It’s also possible to get French citizenship through marriage, although conditions do apply.

You need to have been married for four years before you can apply, although you don’t have to be living in France.

You then need to go through the usual application process of providing a lot of documents, proving that you speak French, and taking part in the citizenship interview – full details here.

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For members


Driving in France: What is télépéage and how does it work?

Ever seen those drivers who avoid the queues at toll booths and driving straight through? Here's how they do it.

Driving in France: What is télépéage and how does it work?

If you’re driving on French autoroutes one of the things you need to know is that they are not free – you will have to pay regular tolls, payable at toll booths known as péage.

Usually, drivers pick up a ticket from a booth at the start of their journey, then pay the required amount at a booth at the end of it – or when they move onto a different section of autoroute – based on the distance they have travelled.

But the toll booths themselves can be busy, especially during the summer, and long queues sometimes build up.

READ ALSO 8 things to know about driving in France this summer

This is where automated pay systems – known as télépéage – come in, especially for those who use the motorway network regularly.

As well as allowing you to pass straight through péages without stopping for payment, it’s also very useful for owners of right-hand drive vehicles, who may otherwise find that they’re sitting on the wrong side for easy and speedy payment.

Here’s how it works

Order your télépéage badge online

Click on the Bip&Go website here and follow the instructions to order a scannable personalised device (up to a maximum of two per account for private users). You will need to set up an account to arrange electronic payment of charges.

The website is available in English, French, German or Dutch.

You will need to supply bank details (IBAN number), address (for delivery), mobile phone number (to activate your account) and the vehicle’s registration details.

Your badge will be dispatched to your address within 48 hours from the opening of your online account. You can have the device sent to addresses outside France, but allow longer for it to arrive. 

If you’re in France, you can also pick up the device at one of Bip&Go’s stores, if you prefer – you will need need your bank details, proof of identity and a mobile phone.

Attach your badge 

Place your device on on the windscreen to the right of the rearview mirror. It is activated and ready to go. Then, simply, drive.

At the péage

All toll booths are equipped with the sensors that recognise that the vehicle is carrying the necessary device. At most, you will have to stop briefly for the device to be recognised and the barrier to lift.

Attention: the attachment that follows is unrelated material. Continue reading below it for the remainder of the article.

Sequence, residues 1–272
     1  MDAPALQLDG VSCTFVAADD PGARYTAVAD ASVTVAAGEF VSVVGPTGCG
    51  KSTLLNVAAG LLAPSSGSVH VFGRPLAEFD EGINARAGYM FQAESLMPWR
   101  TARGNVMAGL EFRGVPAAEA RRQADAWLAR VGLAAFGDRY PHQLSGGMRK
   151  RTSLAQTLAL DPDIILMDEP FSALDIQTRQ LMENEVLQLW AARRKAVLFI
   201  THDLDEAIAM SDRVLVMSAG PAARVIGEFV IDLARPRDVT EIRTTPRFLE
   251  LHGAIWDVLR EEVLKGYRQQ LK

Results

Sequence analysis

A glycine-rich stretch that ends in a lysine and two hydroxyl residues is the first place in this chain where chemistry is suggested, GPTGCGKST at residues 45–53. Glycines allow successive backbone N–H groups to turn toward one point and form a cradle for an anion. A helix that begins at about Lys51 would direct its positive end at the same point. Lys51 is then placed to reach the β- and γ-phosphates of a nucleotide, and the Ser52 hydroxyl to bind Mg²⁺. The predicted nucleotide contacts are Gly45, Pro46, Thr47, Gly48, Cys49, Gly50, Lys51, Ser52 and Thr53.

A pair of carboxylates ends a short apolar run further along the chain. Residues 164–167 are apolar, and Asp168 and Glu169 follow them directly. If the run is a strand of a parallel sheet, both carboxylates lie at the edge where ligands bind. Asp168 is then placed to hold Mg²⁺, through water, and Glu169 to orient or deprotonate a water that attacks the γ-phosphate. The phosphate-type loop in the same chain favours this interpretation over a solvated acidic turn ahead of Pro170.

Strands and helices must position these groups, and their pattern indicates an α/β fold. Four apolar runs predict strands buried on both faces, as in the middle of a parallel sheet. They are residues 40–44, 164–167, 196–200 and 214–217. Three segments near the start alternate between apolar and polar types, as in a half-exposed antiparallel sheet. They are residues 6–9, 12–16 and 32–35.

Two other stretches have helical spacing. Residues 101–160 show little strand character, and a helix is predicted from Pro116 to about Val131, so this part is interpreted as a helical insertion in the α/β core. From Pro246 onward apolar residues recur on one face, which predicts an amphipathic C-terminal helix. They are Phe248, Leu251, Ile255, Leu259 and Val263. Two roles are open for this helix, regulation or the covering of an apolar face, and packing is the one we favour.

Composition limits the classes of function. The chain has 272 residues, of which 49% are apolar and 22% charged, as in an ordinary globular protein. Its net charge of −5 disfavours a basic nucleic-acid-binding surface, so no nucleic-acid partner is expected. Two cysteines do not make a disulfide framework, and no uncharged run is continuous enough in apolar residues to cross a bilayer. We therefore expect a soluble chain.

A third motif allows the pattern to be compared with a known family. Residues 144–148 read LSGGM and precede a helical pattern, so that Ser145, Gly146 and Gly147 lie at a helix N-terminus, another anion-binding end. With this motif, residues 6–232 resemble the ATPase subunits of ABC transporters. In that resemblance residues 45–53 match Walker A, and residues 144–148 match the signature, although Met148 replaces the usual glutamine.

You will also be able to drive through certain booth areas without stopping. These are indicated by an orange t symbol on the overhead signs. The maximum speed you can pass through these booths is 30kph.


Payments are processed automatically. You can monitor the amounts you have to pay on an app.

Do I need separate badges for motorway networks run by different companies?

No. The badge allows holders to travel on the entire French motorway network, no matter which company manages the motorway, and you can also use it to cross a number of toll structures in France such as the Millau Viaduct, the Tancarville Bridge or the Normandie Bridge, and pay to park in more than 450 car parks. 

Is it only valid in France?

No, with certain packages, you can also as easily travel on motorways in Spain, Portugal and Italy, and use a number of compatible car parks. You can even use them on Italian ferries.

Okay, but how much does it cost?

Subscriptions to the Bip&Go service depend on what type of service you want. A fixed price rolling subscription is €16 a year – plus toll charges – but assumes you’re a regular user of French motorways. 

A pay-as-you-go subscription is €1.70 for every month the badge is in use – plus toll charges – and carries a €10 additional fee if the badge is not used in a 12-month period.

How much are the toll charges?

They depend on the road you’re on, how far you travel along it, and the vehicle you’re driving.

Heading from Toulouse to Biarritz along the A64 will cost a total €23 in fees for a private car and if you’re driving all the way from Calais down to the Mediterranean coast expect to pay around €70 once you add up the various tolls along the way.

You can find out tariffs for autoroutes on the website of France’s official autoroute body AFSA – where you can also calculate the cost of your journey – including fuel.